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Qunun’s Case Mirrors Saudi’s Illiberal Male Guardianship System

Rahaf Mohammed al-Qunun, a Saudi woman who fled her country, has been taken under the UN protection in Thailand. Thousands of support messages over the Internet saved the women from the “terrifying” ordeal.

Qunun’s friend, Nourah Alharbi, told the Guardian: “Yesterday, the social media supporters made the difference in Rahaf’s life.”

Now a resident of Sydney, Alharbi fled Saudi Arabia after suffering ill-treatment by her family, and took asylum in Australia. She was in close terms with Qunun during her ordeal.

In a similar case, Dina Ali Lasloom, a young Saudi woman was brought back to Saudi Arabia against her will. She was deported in April 2017, and since then her whereabouts are unknown. “She didn’t get the support from social media users, and that’s why she’s in Saudi Arabia now – she’s disappeared,” Alharbi said.

After Qunun learned of her deportation, she locked herself in a hotel room inside Bangkok’s Suvarnabhumi airport to avoid her unwilled return to a family that would allegedly kill her, following her repudiation of Islam.

She opened up about her situation in a tweet, using Twitter hashtag #SaveRahaf, which soon got viral. People from across the world stood up in her support, and demanded to halt her deportation to Kuwait, the point of her departure. They also urged governments to provide her asylum.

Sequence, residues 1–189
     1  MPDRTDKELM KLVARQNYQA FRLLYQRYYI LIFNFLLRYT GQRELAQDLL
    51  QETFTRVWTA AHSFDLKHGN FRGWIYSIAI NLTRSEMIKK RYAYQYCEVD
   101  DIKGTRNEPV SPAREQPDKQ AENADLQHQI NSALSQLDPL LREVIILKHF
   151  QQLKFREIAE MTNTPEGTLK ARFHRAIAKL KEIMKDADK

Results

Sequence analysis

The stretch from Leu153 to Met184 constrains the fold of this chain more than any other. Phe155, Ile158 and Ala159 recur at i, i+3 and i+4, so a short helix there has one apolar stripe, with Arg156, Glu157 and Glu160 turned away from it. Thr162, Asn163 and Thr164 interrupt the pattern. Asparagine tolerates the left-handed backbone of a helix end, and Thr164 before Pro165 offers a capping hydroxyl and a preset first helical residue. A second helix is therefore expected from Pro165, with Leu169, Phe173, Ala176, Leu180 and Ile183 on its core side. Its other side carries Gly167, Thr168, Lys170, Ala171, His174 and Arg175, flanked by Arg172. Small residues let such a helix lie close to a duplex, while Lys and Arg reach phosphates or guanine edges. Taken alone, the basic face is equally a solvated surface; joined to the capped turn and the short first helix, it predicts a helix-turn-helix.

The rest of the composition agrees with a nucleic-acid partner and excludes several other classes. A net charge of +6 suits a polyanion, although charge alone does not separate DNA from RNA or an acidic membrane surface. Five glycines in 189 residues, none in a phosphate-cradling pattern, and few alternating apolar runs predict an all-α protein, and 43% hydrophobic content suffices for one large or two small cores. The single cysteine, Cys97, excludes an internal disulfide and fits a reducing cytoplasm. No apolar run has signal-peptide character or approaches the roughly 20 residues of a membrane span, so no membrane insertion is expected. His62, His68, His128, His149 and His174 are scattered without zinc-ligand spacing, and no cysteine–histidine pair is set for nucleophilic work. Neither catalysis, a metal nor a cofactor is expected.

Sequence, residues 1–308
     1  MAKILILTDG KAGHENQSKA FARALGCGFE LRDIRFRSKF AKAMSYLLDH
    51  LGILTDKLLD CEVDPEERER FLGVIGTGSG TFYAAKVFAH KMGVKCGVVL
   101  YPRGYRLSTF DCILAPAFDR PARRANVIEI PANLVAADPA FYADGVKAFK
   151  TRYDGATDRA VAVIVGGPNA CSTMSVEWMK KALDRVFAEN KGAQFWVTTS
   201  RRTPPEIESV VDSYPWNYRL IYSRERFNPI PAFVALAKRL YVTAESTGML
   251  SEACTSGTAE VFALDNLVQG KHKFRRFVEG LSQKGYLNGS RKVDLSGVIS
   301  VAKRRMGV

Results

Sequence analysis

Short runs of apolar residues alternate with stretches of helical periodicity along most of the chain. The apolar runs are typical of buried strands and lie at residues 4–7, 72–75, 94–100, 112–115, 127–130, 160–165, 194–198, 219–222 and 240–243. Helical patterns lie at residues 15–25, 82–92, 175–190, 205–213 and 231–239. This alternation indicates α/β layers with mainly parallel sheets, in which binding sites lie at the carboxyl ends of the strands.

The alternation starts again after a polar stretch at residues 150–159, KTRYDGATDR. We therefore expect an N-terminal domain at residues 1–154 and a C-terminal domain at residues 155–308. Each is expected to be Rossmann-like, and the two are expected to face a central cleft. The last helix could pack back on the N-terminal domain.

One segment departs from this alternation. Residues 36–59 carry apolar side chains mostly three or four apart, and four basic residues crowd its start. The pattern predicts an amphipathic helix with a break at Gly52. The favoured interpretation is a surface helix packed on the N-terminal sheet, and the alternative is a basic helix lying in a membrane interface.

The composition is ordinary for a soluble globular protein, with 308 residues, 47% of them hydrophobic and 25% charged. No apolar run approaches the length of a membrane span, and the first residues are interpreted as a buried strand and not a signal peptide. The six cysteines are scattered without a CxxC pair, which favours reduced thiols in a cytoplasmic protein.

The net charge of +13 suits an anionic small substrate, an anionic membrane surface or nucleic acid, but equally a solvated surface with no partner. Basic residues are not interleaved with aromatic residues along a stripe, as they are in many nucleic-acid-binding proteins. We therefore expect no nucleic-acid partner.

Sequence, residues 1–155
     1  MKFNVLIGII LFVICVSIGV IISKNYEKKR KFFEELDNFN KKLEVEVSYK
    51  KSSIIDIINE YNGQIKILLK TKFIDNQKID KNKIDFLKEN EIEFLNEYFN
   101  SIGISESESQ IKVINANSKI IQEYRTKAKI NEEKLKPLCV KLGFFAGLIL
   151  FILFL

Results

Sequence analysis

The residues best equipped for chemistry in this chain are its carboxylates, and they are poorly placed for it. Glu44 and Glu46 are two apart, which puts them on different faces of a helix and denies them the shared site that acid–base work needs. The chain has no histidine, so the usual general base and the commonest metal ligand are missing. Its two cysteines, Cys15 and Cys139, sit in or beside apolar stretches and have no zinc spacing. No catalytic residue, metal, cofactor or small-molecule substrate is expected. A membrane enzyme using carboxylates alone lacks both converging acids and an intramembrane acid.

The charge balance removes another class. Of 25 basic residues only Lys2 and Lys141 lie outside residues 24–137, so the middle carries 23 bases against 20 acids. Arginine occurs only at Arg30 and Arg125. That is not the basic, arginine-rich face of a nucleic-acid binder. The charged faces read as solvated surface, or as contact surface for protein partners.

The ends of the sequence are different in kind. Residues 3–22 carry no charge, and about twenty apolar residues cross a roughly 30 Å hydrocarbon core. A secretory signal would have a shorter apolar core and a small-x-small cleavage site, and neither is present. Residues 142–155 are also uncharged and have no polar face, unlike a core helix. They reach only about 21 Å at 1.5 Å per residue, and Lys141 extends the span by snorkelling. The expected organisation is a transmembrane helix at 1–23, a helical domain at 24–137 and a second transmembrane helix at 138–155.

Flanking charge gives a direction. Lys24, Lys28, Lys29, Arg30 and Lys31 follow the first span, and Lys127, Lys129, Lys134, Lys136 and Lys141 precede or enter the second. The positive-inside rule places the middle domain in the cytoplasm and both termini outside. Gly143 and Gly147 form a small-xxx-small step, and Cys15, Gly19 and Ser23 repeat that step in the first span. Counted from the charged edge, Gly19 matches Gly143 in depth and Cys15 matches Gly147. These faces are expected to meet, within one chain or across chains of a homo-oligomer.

According to Alharbi, Qunun’s tourist visa was canceled by Australia on which she was originally traveling.

Qunun was detained on arrival at Bangkok and denied entry to Thailand while en route to Australia, where she said she intended to seek asylum. The Guardian confirmed on Monday Qunun had a valid three-month tourist visa for Australia, issued to her Saudi passport.

Last year, deaths of two young Saudi sisters, Tala Farea, 16, and Rotana Farea, 23, uncloaked the close-lipped and speculative journeys Saudi women after fleeing their homes. The bodies of both the sisters washed up in the New York City waterfront.

They escaped from home in Fairfax, Virginia before living in a shelter, accusing the family of psychological and physical torture. Later, they came to New York City, stayed in luxurious hotels and eventually exhausted their credit card.

The motive behind their death still remains a mystery. Their bodies, with no signs of injury, were found Oct 24, 2018, along the Hudson River mantled together with tape.

New York City Police Chief of Detectives Dermot Shea said, “People close to the Farea sisters told investigators that both of them would rather inflict harm on themselves — commit suicide — than return to Saudi Arabia.”

Ministry of Labor and Social Development published statistics, which shows that 577 Saudi women attempted to flee their homes in 2015. In fact, the figure is expected to be higher, actually, since many families hide runaway cases due to maintain their social status.

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